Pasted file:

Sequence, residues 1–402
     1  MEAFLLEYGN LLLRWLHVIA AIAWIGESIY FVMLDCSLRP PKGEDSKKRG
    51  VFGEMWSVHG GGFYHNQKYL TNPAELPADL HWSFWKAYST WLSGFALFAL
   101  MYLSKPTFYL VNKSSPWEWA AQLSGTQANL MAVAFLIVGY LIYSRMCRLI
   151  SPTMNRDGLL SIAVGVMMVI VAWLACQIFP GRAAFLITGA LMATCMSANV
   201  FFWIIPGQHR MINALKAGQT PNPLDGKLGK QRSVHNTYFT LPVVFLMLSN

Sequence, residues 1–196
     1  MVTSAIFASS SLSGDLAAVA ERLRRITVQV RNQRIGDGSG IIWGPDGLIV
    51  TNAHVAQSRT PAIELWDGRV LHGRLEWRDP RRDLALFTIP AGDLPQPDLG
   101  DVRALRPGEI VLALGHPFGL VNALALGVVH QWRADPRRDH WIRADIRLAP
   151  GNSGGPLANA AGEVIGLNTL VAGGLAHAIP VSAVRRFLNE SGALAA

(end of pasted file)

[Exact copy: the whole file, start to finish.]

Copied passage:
Sequence, residues 1–402
     1  MEAFLLEYGN LLLRWLHVIA AIAWIGESIY FVMLDCSLRP PKGEDSKKRG
    51  VFGEMWSVHG GGFYHNQKYL TNPAELPADL HWSFWKAYST WLSGFALFAL
   101  MYLSKPTFYL VNKSSPWEWA AQLSGTQANL MAVAFLIVGY LIYSRMCRLI
   151  SPTMNRDGLL SIAVGVMMVI VAWLACQIFP GRAAFLITGA LMATCMSANV
   201  FFWIIPGQHR MINALKAGQT PNPLDGKLGK QRSVHNTYFT LPVVFLMLSN

Sequence, residues 1–196
     1  MVTSAIFASS SLSGDLAAVA ERLRRITVQV RNQRIGDGSG IIWGPDGLIV
    51  TNAHVAQSRT PAIELWDGRV LHGRLEWRDP RRDLALFTIP AGDLPQPDLG
   101  DVRALRPGEI VLALGHPFGL VNALALGVVH QWRADPRRDH WIRADIRLAP
   151  GNSGGPLANA AGEVIGLNTL VAGGLAHAIP VSAVRRFLNE SGALAA